WIDOW MCLEAN-2525 (MARGARET MCINNES)

Margaret McInnes, widow of Hugh McLean from Cambus, Kilfinichin parish, Argyll, Scotland, sailed on the Robert Taylor from Sligo, Ireland, in June 1812 with the first party of settlers for Selkirk’s colony. (1) She was 45 years of age and was accompanied by four sons and a daughter: Hector-2526, Alexander-2527, John-2528, Hugh-2529 and Mary-2530. (2)  The group also included Hector’s wife, Catherine McGilvera. (3) They arrived at the settlement in October and continued to Pembina where they spent the winter, returning to the colony in the spring. Margaret and her family held fast to the settlement during its early years. There is no record of her death.

Hector McLean (2526) married Catherine McGilvera just prior to the departure from Scotland. Hector and Catherine had one daughter, Mary, who was born at Red River in June, 1813. Two months later, Hector died in a fever epidemic. His widow married John Pritchard in 1815.

Alexander McLean (2527) was granted Lot #6 by Lord Selkirk in 1817. He married Christiana McKay at Red River in 1832. About 1837, this family left to settle in Scotch Grove, Jones County, Iowa. Alexander died in Iowa prior to 1850 as census records for Jones Co. show her married to Jacob Rearick.

John McLean (2528) was granted Lot #5 by Lord Selkirk. He married Catherine Livingstone at Red River in 1823. This family left Red River for Scotch Grove in 1838. John died prior to 1841, as Iowa records show that Catherine married David McCoy (McKay) in 1841.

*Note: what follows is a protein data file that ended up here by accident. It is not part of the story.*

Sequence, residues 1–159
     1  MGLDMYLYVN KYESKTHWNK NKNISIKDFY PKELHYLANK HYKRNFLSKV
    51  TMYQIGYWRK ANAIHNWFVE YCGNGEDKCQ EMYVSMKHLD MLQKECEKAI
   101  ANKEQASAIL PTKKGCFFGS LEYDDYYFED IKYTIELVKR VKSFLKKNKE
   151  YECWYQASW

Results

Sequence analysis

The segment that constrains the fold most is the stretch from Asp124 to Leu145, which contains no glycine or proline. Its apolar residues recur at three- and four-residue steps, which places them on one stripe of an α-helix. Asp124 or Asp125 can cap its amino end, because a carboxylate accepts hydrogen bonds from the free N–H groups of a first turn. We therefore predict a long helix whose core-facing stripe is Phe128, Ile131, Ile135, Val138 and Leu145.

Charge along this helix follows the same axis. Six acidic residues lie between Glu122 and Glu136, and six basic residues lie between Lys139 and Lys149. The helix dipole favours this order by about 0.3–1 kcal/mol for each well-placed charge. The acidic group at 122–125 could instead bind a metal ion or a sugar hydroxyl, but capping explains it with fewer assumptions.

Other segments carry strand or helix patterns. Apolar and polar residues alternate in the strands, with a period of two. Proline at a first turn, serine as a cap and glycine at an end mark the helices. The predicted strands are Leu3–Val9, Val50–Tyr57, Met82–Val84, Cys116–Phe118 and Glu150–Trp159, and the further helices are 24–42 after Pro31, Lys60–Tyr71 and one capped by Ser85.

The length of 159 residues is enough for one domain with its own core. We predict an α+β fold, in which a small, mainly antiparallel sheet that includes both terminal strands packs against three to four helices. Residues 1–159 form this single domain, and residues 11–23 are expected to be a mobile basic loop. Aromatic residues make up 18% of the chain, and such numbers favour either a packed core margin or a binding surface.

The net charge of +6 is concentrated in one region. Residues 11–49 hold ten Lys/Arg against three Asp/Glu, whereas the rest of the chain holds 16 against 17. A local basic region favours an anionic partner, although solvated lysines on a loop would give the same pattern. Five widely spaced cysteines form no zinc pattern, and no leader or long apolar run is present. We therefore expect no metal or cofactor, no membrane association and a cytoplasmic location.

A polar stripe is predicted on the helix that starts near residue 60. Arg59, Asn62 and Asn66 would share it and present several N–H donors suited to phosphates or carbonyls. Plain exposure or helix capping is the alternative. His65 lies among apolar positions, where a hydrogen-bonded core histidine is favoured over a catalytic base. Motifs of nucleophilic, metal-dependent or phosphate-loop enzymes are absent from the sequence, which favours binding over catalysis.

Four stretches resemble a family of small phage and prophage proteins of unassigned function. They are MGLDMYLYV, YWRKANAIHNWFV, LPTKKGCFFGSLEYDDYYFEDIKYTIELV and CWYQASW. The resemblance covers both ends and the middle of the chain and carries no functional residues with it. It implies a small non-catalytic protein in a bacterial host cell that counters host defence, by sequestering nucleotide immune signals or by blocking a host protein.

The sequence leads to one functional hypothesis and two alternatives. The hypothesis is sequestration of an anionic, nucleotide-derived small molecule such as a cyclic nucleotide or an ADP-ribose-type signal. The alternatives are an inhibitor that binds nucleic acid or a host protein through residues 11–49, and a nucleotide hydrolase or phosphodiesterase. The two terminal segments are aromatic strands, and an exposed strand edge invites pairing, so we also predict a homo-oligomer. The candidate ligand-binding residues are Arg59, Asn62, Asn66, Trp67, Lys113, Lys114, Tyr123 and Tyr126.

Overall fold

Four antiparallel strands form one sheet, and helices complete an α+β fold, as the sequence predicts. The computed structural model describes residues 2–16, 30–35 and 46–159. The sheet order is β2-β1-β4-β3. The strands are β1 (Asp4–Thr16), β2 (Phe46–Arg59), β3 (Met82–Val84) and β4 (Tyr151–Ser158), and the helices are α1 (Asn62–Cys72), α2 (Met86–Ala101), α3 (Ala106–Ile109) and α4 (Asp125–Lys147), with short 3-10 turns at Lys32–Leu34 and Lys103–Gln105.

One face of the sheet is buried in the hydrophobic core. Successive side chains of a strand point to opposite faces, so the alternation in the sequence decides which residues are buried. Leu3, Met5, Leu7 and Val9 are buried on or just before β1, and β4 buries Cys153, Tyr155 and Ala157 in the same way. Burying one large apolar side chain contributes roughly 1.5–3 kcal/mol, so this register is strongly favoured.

Hugh McLean (2529) When the colony was attacked in June 1815 and the settlers forced to flee to Jack River House, Hugh was one of the men who stayed with John McLeod of the HBC to defend the site and tend the remaining crops. He was also marginally involved at Seven Oaks as he started out with a horse and cart transporting the cannon, although he returned without reaching the scene of the shooting. He went to Canada in 1818 to testify during the trials regarding these events. He remained in the east and took up land in South Plantagenet, Upper Canada. He married Grace Cameron and had eight children.

Mary McLean (2530) married Martin Jordan of the working party in January 1814 at Fort Daer. They would have four children. Martin left the HBC and joined the NWC after the trials in Upper Canada in 1818. He returned to Red River and took his family east with him, but Mary and her children were back in  Red River by 1822, presumably after Martin’s death. She lived with her brother Alexander and then married Ewen (Hugh) Cameron, with whom she had five children. The Camerons farmed at Kildonan, and later moved to land on the Assiniboine River near Headingley.

 


(1) LAC, Selkirk Papers pp. 560-562, fo. 198-200, Owen Keveny’s list of settlers and servants 1812.
(2) Mary does not appear by name on Keveny’s list. She is just referred to as a sister.
(3) Catherine is also not named on the list. She is erroneously referred to as a sister.

Skills

Posted on

March 4, 2015

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Skills

Posted on

March 4, 2015